Autumn in Colorado is never going to be the same as autumn on the east coast. We just don’t have as many trees that turn so many vibrant shades of color. But we do have cottonwoods and aspens and willows, all of which turn yellow… usually some time around mid-September. As we probably should have expected, given the utter chaos that was 2020, the status of Colorado’s fall colors was thrown into question when the mountains got a dusting of snow at the end of August. And then another storm rolled in immediately after Labor Day weekend and dumped up to 14 inches of snow. The cold and snow – coupled with the previous two months of drought – meant we were now at risk of the trees turning from green straight to brown. But all hope was not lost.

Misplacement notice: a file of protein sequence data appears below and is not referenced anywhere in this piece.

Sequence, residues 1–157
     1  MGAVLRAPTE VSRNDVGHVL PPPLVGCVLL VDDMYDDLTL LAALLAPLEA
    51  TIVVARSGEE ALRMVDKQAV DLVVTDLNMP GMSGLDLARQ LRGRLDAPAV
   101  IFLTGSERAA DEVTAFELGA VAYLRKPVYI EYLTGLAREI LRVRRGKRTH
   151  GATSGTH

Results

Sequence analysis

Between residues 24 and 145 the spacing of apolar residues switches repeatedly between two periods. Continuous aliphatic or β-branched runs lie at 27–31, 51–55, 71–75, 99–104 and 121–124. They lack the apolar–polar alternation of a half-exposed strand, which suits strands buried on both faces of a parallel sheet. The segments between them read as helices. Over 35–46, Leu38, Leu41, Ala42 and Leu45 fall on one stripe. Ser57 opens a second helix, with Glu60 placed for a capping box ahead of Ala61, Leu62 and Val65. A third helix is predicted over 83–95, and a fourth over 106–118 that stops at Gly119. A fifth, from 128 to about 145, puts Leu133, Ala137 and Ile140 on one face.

Summiting Mount Ida turned out to be a ‘third time is the charm’ type situation for us. We wanted to climb it our first summer in Denver, but forest fire smoke severely limited visibility for much of the summer and we weren’t about to walk along the Continental Divide and not be able to see… Continue reading Rocky Mountain National Park Hikes: Mount Ida
Obtaining a backcountry permit for Rocky requires similar levels of intensity as many Colorado hiking feats, including summiting a 14er or finding parking at a trailhead or snagging a front country campsite anywhere during the summer. Permits become available each year on March 1 at 8:00am. So on March 1, 2019 at 7:59am, I was… Continue reading Rocky Mountain National Park Hikes: Thunder Lake